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Published On: Sat, Sep 9th, 2017

Oh no, not Dukor again: Illiteracy rate in Mozambique hovers around 45 percent

Christof Lehmann (nsnbc) : Over 90 percent of Mozambicans were illiterate when the country gained its independence from Portugal in 1975. Today over 40 percent of Mozambicans are illiterate with marked differences between the capital and rural districts.

Illiteracy in Mozambique_borgenproject_(archives)Speaking on the occasion of International Illiteracy Day on Friday, Laurino Nhacune, Mozambique’s National Directorate of Literacy and Adult Education, said the government is determined to reduce the illiteracy rate to 41 per cent by 2019.

In 1975 when Mozambique gained its independence from Portugal, it was estimated that some 93 percent of Mozambicans were illiterate. By 2017 illiteracy is estimated to have fallen to some 44.9 percent.

“This growth shows the evolution of the literacy services since independence, and now our perspective is to reduce the illiteracy rate to 41 per cent, by the end of this government’s term of office”, said Nhacune.

He said that currently there are 571,000 people attending the literacy centres across the country, who are being taught to read and write by 15,000 volunteers. They receive, not a wage, but an allowance, which amounts to a total of 125 million meticais (just over two million dollars) a year.

The subsidies are extremely low, and certainly do not provide much of an incentive. They are about 650 meticais (about 10.5 US dollars) a month. The province with the highest illiteracy rate, Nhacune said, remains Cabo Delgado in the far north where 60.7 per cent of the population cannot read or write. The lowest rate is 9.5 per cent, in Maputo City.

According to the United Nations Educational, Scientific and Cultural Organisation (UNESCO), there are 750 million adults in the world who lack even the most basic literacy skills.

Mozambique has since it gained its independence in 1975 been ruled by the socialist Frelimo party. The country went through a 16-year-long civil war between Frelimo and Renamo. The civil war reflected cold-war dynamics. Frelimo was strongly supported by the Soviet Union (USSR), among others.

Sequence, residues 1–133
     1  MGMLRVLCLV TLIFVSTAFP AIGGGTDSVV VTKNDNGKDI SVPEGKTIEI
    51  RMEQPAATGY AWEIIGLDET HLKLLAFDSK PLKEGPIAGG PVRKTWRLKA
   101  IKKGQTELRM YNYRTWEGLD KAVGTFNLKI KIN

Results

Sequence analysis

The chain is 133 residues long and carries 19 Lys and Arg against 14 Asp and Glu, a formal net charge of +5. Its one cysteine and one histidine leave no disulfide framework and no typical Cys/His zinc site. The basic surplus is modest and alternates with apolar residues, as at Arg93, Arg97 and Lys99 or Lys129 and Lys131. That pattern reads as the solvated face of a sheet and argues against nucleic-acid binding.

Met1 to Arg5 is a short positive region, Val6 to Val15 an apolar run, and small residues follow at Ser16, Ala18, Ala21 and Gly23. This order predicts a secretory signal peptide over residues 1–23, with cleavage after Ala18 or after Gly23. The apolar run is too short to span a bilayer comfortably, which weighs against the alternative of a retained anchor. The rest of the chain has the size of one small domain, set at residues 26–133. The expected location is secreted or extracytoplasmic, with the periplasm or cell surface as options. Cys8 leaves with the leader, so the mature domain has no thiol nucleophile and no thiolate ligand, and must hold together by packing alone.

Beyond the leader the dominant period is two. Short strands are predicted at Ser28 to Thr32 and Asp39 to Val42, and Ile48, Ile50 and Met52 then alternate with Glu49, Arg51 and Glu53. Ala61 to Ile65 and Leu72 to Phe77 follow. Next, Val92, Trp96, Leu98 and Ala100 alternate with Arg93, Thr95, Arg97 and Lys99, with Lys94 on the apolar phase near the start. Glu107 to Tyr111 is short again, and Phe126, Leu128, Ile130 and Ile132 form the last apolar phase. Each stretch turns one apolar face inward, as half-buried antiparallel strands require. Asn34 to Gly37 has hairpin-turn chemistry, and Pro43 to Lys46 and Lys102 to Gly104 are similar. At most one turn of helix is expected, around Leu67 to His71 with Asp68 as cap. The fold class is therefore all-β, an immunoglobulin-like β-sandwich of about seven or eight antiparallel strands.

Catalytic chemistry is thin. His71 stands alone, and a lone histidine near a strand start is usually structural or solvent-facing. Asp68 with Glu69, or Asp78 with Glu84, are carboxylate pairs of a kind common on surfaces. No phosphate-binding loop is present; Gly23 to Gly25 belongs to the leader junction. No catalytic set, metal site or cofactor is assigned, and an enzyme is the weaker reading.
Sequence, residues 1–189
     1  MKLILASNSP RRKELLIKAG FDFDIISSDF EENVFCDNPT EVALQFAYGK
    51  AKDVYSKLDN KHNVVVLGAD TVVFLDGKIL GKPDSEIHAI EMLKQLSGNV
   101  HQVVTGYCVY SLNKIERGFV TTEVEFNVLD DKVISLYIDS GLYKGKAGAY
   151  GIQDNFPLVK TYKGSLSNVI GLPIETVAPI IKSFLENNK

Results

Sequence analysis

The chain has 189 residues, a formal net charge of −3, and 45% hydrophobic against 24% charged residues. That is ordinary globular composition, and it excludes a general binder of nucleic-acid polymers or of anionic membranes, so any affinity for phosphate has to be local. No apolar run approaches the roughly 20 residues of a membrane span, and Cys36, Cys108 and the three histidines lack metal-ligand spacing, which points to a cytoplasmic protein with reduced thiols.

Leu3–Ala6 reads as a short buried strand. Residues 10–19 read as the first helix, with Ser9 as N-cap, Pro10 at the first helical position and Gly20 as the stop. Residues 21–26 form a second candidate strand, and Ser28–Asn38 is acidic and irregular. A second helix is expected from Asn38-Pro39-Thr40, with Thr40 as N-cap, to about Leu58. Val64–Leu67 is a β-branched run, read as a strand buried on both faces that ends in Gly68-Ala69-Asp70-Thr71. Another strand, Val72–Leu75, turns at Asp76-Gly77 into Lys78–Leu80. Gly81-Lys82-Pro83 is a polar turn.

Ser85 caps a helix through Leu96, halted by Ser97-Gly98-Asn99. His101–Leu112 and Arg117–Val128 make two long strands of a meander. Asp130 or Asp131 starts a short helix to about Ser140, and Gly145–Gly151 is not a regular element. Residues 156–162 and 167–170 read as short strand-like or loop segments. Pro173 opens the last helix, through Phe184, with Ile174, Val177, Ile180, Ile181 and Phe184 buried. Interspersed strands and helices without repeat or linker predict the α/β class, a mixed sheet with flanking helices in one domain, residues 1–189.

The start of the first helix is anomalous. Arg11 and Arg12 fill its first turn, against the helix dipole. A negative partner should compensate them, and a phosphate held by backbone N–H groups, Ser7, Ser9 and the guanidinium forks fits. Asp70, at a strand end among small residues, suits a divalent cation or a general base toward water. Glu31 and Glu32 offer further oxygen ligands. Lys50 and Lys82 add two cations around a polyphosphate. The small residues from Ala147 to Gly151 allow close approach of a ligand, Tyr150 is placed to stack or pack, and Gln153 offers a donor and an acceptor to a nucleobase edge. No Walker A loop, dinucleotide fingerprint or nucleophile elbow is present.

Renamo was supported by the then Apartheid-ruled South Africa, by the then British colony Rhodesia (now Zimbabwe), former Portuguese oligarchical circles, the United States and other western powers who described Renamo as “rebels and freedom fighters”.

The civil war ended with a ceasefire agreement signed in the Italian capital Rome in 1992, bringing the civil war to an end in 1993. However, the country has never been fully pacified and “peace talks” between the socialist Frelimo government and Renamo are dragging on until today (2017). Ironically, Renamo is still a party represented in parliament and an illegal armed militia.

The situation in Mozambique brings to mind the apparently endless debates about Dukor’s “African Unfreedom” versus those who would rather find causes for African countries’ current situation in the actions and activities of contemporary African leaders, governments, and communities.

Many, especially Frelimo supporters, would argue that the country’s 45 percent illiteracy are a legacy of colonialism and neo-colonialism. Many Frelimo supporters would also argue that the civil war delayed educational programs as well as infrastructure programs needed to accumulate funds and to bring education to the people. Many Renamo supporters would agree with that point, even though both parties would rather blame each other than working together to solve the crisis.

Many supporters of Renamo and other opposition parties would stress the irony that the “socialist” Frelimo has ruled Mozambique since 1975 and the 45 percent of “the average people” are still illiterate while only some 9 percent of the population in the capital Maputo, the hotbed of government, oligarchy, duplicity and corruption, are illiterate. The most discouraging fact may be that all of the above mentioned arguments have at least some degree of validity. On the other hand, one might hope that an honest debate about prioritizing party politics and nepotism higher than education and infrastructure might pave the way toward less pathological and more pragmatic, result-oriented policies and projects.

CH/L – nsnbc 09.09.2017

About the Author

- Dr. Christof Lehmann is the founder and editor of nsnbc. He is a psychologist and former independent political consultant on conflict, conflict resolution and a wide range of other political issues. In March 2013 he established nsnbc as a daily, independent, international on-line newspaper. He can be contacted at nsnbc international at

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